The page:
Actavis subsidiary seeks approval for generic version of NuvaRing
DUBLIN — Actavis said it was likely the first company to file with the Food and Drug Administration for approval of a generic version of a contraceptive device made by Merck, the generic drug maker said Tuesday.
Actavis said Warner Chilcott, now one of its subsidiaries, had filed with the FDA for approval of the ethinyl estradiol and etonogestrel vaginal ring in the 0.015-mg-per-day and 0.12-mg-per-day strengths. The device is a generic version of Merck’s NuvaRing.
In response to the filing, Merck and Dohme B.V. filed a patent-infringement lawsuit against Warner Chilcott Tuesday in the U.S. District Court for the District of Delaware in an effort to prevent the generic product from being marketed; the lawsuit puts an automatic stay of FDA approval on the generic for 30 months, unless the companies settle the matter sooner.
NuvaRing had sales of about $560 million during the 12-month period that ended in October, according to IMS Health.
Actavis contraceptive patch doesn’t win FDA approval
DUBLIN — The Food and Drug Administration declined to approve an experimental contraceptive patch developed by Actavis, the drug maker said Tuesday.
Actavis said the FDA sent it a complete response letter for its progestin-only transdermal contraceptive patch. A complete response letter means that the agency has finished reviewing a drug-approval application, but questions remain that preclude final approval.
The FDA is requesting more data on the difference between the patch used in the clinical trial and the one Actavis intends to market, which is a different size and formulation, the company said.
Biogen Idec drugs could advance treatment of hemophilia, clinical trials find
NEW YORK — Two experimental drugs under development by Biogen Idec are effective in reducing bleeding episodes in patients with two forms of hemophilia when administered as a preventive treatment, while also reducing the need for frequent injections, according to late-stage clinical trial data.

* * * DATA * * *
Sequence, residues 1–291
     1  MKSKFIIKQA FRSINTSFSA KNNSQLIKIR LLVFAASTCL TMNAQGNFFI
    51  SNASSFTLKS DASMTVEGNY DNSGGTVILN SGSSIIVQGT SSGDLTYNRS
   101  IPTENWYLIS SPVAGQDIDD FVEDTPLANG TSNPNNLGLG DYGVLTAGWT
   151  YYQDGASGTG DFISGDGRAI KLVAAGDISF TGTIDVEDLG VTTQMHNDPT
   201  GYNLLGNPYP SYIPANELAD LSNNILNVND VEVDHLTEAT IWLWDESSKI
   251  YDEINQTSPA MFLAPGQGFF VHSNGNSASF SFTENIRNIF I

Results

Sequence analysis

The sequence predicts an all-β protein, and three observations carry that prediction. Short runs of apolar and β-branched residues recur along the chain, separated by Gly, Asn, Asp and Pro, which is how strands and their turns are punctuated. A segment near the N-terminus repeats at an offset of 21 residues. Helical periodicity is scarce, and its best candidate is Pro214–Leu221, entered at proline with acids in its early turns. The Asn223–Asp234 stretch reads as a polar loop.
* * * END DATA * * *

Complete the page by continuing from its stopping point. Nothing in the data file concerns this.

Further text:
The two phase-3 studies were published in the November issue of the journal Blood and the December issue of the New England Journal of Medicine. The Blood trial, titled "A-LONG," tested Biogen Idec’s recombinant factor VIII Fc fusion protein in patients with hemophilia A, while the NEJM trial, titled "B-LONG", tested recombinant factor IX Fc fusion protein in patients with hemophilia B.
"Results from these largest global phase-3 pivotal trials demonstrate the potential of revolutionizing the hemophilia treatment paradigm by offering longer protection from bleeding episodes while reducing the frequency of intravenous injections," clinical lead Alvin Luk told DSN.
The hemophilia A trial divided 165 patients into three groups, one of which received a dose of the drug every 3-5 days per week on a preventive basis, known as prophylaxis; another prophylaxis group that received a dose every week; and another that received the drug on an as-needed basis as bleeding episodes were occurring. Any patients in any group could use the drug for major surgeries. Patients who received prophylaxis had significantly reduced bleeding rates compared with those who received it on an episodic basis.
The 123 hemophilia B patients were divided into a group that received the weekly prophylaxis; a second group that received interval-adjusted prophylaxis every 10 days or longer; a third group that received treatment as needed; and a fourth that received it for surgical procedures. In the first, second and third groups, 90.4% of bleeding episodes were resolved after one injection, and the responses were good or excellent among patients undergoing surgery.